Monday, 5 March 2018

PAUL LEWIS Piano Recital / Review

PAUL LEWIS Piano Recital
Yong Siew Toh Conservatory Concert Hall
Friday (2 March 2018)

The great Austrian pianist Artur Schnabel once declared he played only “music that is better than it can be performed”. The same may be said about the repertoire of British pianist Paul Lewis for his four recitals in Singapore, the first of which took place this evening. Two Haydn sonatas were the bookends for short pieces by Beethoven and Brahms, a programme that was a celebration of Viennese classics.

Crisp articulation and humour occupied Haydn's Sonata No.50 in C major, sometimes known as his “English” Sonata. Often underrated, Haydn's music sparkled in Lewis' hands. Its 1st movement had both light and shade, aided by excellent pedalling which generated a crystalline texture which contrasted with staccato voices that was its main narrative. The serious slow movement was merely the prelude to a finale that ranked as Haydn's most witty – a good old C major rondo peppered with “wrong” harmonies, twists and turns that was pure comedy relief.

Then followed the Six Bagatelles Op.126 of Beethoven, sublime shorts from his late years. All different in character and colour, Lewis provided the necessary contrasts, alternating between slow and fast numbers which were either prayers, chorales or dances. The strains and drones of a hurdy-gurdy were heard in the fourth bagatelle, as earthy as Beethoven could possibly get. And then it was pure concentrated musical gold in the next number, which was simply celestial.

It was Schnabel who also said that he played recitals with “second halves that were as boring as the first halves”. He meant that as a joke, of course. Lewis's second half was a mirror image of the first, opening with Brahms Six Pieces Op.118 and closing with another Haydn sonata. Now the palette (or palate when it comes to musical sustenance) was firmly in the Romantic era. It was another kaleidoscopic show of musical characterisation in the pieces which included four Intermezzi, one Ballade and one Romance.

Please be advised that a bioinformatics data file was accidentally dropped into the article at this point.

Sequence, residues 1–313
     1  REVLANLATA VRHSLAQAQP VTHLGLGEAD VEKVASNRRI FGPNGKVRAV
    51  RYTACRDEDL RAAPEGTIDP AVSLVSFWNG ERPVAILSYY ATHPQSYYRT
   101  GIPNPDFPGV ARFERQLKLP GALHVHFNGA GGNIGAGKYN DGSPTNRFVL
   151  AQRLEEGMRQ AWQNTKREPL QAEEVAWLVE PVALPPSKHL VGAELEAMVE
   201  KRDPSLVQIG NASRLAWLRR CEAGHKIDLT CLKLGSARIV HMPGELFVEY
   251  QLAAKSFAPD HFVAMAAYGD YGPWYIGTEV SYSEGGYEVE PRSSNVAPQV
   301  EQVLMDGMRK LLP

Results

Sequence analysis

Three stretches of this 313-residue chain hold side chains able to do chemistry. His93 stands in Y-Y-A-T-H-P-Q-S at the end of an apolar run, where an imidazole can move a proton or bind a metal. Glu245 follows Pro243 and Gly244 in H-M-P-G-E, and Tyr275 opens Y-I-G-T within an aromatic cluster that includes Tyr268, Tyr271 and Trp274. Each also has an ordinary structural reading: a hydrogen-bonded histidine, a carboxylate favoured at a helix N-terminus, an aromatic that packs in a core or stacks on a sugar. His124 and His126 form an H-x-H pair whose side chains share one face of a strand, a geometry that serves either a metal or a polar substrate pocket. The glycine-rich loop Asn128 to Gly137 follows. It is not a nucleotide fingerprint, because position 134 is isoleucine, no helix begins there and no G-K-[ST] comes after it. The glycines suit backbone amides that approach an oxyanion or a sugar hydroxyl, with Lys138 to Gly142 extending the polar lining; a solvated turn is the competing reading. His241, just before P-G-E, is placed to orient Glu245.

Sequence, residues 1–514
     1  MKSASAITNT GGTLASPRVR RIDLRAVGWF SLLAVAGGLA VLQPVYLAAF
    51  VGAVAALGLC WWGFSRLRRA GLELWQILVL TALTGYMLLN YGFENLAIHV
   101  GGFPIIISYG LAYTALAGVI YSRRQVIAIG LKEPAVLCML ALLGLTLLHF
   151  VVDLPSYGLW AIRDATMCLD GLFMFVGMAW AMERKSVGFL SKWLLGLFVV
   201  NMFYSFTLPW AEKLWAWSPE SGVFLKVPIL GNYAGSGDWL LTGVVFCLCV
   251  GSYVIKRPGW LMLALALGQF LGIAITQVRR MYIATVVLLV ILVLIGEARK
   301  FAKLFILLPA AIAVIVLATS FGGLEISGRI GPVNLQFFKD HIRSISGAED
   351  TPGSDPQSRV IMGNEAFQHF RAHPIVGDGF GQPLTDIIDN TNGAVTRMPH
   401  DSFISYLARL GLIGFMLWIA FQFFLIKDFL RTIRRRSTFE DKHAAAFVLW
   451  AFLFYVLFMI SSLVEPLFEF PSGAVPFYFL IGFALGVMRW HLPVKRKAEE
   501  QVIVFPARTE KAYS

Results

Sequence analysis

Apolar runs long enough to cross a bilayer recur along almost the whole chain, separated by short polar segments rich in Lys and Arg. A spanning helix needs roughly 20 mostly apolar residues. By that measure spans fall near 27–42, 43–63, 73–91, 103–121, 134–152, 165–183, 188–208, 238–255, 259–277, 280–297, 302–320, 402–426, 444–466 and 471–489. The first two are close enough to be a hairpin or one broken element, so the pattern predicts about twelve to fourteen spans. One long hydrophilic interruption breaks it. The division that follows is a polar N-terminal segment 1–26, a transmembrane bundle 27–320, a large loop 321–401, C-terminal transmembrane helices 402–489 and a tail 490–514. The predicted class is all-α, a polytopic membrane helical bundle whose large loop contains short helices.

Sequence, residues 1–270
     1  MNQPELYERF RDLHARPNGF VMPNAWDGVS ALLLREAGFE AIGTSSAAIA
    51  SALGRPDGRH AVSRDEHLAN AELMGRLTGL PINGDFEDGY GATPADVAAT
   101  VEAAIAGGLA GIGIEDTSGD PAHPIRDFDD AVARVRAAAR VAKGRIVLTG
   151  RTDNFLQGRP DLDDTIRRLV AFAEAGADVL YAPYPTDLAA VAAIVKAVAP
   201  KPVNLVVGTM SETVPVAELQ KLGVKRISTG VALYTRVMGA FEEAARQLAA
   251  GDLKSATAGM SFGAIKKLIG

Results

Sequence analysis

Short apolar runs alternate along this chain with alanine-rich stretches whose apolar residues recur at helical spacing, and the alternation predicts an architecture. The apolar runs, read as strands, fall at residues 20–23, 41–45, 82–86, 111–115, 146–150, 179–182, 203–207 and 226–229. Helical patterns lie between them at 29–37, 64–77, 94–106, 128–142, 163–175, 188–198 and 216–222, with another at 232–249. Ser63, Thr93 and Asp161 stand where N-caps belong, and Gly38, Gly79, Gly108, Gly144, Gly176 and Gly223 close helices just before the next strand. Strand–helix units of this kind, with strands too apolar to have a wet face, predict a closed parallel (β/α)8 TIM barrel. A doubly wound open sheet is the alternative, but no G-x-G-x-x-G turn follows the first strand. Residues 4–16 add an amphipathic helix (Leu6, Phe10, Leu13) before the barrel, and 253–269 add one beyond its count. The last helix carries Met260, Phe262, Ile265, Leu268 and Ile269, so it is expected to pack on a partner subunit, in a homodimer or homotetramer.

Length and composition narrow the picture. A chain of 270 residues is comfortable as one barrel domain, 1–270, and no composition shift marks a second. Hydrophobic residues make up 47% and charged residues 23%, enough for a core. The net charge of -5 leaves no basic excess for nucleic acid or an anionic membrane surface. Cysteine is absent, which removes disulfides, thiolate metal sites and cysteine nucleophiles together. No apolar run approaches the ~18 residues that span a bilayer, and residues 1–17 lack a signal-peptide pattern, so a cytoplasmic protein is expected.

Passion (No.1) and melting lyricism (No.2) sat easily with rambunctiousness (No.3) and agitation (No.4), followed by the benediction of No.5 and what was to be Brahms' bleakest short piece. Dark clouds in E flat minor enveloped the last Intermezzo (No.6) in E flat minor, a portent of death and doom, before one last heroic struggle and final collapse. There was a long silence after its quiet close, before an eruption of appreciative applause.

Humour returned for a last time in Haydn's Sonata No.40 in G major, a work in only two movements. Simplicity ruled in the 1st movement's theme which got gradually more decorative in the ensuing short variations, and there were quirky shifts in dynamics thrown in to unsettle those who got a little too comfortable. The presto finale, breathless in intent, was thrown off like light fluff and its simple unadorned close drew both laughs and applause from the audience.

With all his jokes used up, Lewis offered as encores Schubert's darkly shaded Allegretto in C minor and a sneak preview of his next concert, a tiny Beethoven bagatelle (Op.119 No.11). Another evening of “music that is better than it can be played” is keenly awaited.     

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